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A Kamchatka Story – or is it?

April 1, 2020

Koryaksky Volcano towers over Petropavlovsky-Kamchatsky, the only city on Kamchatka. (Photo: Kuhnmi, CC)

Review: Disappearing Earth by Julia Phillips, 2019

Kamchatka is a large peninsula in east Russia, across the Bering Sea from Alaska. It is a land of volcanoes, earthquakes and geysers, and was a military zone until the collapse of the Soviet Union. It is separated from the Russian mainland by hundreds of kilometers of impassable mountains and tundra, so that the only ways to enter or leave are by air or sea.

This remote and isolated region is the setting for Julia Phillips’ first novel, Disappearing Earth. Rather than focus on one or two protagonists, Phillips portrays a whole community. In the first chapter, “August”, two sisters, aged eleven and eight, disappear. This is followed by twelve stories, one for each month of the year after the abduction. Each story is from the point of view of a different female character, who has been affected in some way by the girls’ disappearance. For example, one woman’s partner used the abduction as an excuse to increase his controlling behaviour.

Julia Phillips

The community consists of two groups: ethnic Russians and Indigenous people. Racism is rife and the characters refer to the groups as “whites” and “natives”. The police try, ineffectively, to find the girls, who are Russian, but ignore the earlier disappearance of an Indigenous girl.

Disappearing Earth has received almost universal praise, was shortlisted for the National Book Award, and was one of the New York Times books of the year for 2019.

I found the early stories to be the least interesting, and I wondered if I should continue reading. I’m glad I persisted, as the prose and story-telling gets better and better as we read on. It is worth reading the book just for the emotional roller coaster of the final two chapters. The penultimate story, “June”, is from the viewpoint of Marina, the mother of the missing children. A journalist, she has come to the town of Esso to cover Nurgenek, the summer solstice new year celebration of the Indigenous Even people. Pushed along by the crowd, she is urged to jump over the fire of the old year.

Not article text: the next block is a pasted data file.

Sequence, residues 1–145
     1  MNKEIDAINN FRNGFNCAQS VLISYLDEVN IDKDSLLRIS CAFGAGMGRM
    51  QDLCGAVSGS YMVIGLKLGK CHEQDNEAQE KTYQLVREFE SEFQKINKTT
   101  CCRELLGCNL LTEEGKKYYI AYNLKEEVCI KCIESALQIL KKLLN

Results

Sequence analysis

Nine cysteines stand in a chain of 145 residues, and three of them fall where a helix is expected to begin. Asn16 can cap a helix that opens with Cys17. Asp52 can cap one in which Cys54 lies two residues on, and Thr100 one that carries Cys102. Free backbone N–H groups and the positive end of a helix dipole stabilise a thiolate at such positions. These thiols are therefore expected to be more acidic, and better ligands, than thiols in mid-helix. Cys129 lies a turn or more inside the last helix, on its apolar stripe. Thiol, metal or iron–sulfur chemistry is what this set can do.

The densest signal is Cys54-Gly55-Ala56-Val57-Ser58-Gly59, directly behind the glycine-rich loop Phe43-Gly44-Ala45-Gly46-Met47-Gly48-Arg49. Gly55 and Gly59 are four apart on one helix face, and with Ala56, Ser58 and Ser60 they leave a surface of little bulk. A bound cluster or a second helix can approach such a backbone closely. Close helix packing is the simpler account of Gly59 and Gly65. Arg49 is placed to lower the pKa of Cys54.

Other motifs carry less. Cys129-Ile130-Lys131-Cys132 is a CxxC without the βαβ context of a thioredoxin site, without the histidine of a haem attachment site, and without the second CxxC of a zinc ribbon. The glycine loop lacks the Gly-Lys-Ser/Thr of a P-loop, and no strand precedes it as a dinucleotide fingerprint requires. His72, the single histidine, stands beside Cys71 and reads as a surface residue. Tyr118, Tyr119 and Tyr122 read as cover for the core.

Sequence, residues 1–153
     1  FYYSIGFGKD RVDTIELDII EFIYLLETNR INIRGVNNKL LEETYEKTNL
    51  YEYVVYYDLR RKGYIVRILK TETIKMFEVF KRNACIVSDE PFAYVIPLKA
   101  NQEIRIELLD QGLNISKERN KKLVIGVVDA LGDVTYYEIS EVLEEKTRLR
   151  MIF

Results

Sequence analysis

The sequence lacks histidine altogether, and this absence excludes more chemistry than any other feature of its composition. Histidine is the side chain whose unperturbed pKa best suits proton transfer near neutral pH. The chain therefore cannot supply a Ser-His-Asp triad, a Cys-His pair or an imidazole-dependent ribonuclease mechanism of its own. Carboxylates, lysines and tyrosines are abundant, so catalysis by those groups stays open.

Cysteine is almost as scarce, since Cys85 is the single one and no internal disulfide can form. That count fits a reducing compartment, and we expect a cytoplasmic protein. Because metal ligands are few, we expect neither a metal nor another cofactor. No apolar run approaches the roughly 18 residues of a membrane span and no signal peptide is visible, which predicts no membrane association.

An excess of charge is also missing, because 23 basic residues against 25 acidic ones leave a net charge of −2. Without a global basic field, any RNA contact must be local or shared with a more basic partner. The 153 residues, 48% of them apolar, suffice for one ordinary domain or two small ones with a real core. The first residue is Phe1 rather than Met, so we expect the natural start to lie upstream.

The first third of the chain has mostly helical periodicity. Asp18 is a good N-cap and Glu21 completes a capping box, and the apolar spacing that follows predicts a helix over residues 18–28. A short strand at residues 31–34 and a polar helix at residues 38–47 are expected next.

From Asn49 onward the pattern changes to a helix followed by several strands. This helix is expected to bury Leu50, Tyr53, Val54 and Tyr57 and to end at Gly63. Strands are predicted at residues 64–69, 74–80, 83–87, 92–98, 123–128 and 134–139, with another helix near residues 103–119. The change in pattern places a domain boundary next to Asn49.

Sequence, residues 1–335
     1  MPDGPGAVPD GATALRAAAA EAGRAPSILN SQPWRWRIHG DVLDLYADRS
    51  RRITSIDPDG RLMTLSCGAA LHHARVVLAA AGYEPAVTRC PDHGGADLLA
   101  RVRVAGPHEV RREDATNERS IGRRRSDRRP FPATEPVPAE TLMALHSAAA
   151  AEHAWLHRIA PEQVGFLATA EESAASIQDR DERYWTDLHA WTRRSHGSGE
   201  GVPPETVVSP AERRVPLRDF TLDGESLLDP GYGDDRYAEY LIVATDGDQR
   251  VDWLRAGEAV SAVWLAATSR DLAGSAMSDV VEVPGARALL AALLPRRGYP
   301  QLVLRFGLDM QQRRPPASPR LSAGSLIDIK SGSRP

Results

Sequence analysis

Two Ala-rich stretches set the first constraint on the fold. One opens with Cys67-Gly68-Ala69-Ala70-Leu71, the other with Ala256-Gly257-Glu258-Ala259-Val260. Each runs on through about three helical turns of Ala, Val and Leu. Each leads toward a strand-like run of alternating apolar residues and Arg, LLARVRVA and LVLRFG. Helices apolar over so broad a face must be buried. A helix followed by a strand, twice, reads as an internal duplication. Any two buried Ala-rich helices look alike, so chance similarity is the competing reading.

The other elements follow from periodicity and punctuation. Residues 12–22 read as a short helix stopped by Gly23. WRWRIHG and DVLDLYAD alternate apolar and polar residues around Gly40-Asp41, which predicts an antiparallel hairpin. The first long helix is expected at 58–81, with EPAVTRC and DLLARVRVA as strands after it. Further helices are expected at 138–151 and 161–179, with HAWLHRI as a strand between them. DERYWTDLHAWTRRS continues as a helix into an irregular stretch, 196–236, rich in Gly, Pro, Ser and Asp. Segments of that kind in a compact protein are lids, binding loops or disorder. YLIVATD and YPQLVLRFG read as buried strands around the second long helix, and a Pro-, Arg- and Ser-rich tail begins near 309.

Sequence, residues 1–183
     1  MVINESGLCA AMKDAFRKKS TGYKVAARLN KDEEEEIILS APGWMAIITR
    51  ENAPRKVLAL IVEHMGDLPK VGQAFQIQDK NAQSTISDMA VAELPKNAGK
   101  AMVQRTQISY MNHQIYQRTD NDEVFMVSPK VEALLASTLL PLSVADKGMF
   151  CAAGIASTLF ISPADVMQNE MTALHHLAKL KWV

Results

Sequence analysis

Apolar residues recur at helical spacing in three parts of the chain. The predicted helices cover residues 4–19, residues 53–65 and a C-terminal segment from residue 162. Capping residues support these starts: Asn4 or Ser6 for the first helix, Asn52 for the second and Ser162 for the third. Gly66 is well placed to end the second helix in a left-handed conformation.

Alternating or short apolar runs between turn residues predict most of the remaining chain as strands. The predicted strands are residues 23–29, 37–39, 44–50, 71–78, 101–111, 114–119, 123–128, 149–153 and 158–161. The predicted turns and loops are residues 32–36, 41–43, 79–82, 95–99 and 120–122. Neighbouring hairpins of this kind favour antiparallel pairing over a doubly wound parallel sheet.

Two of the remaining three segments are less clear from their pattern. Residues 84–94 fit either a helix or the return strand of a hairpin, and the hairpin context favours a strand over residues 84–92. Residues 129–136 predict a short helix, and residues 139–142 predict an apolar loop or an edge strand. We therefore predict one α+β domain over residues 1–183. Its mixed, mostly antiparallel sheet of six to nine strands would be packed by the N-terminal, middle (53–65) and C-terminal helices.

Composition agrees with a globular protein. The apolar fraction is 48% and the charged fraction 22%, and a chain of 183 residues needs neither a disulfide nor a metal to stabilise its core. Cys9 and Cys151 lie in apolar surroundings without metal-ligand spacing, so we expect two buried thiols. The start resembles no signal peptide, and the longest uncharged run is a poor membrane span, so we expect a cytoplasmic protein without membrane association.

Marina’s hands were full. She could not press them flat to her chest, and she knew how much she needed them there, how soon she would choke without their comfort. What was the point of all this? She was trying to push out of the line but people kept coming. … No one near Marina understood. Without her girls, all she had was this breathlessness. Terrible as it was – and it was, it was – it was all she had left to mother.

She jumped.

As I read the novel, I flicked between admiration of Phillips’ writing skill and uneasiness at how she writes from the point of view of First Nations people and ethnic Russians. Phillips grew up in New Jersey. Did her year in Kamchatka on a Fulbright Scholarship give her the insight to access the people’s inner lives?

In an interview for the Paris Review, Phillips testifies against herself:

“I feel like what I brought to the story and the place were very much American concerns and American ideas. As much I tried to accurately reflect what I was seeing, what I was seeing was deeply informed, if not completely informed, by my Americanness.

“The design of this book was intended to explore the range of violences in women’s lives. … A lot of what I’m talking about are things that I brought with me to Kamchatka. These are things that preoccupy me all the time.”

The issue that preoccupies Phillips can cause immense damage to people and communities. Does the urgent need to confront this issue justify writing her own way of thinking about it into the heads of people of a very different culture? How is this different from a white person wearing blackface?

I’m still trying to work my way through that puzzle.

What do you think?

 

 

 

 

 

 

 

 

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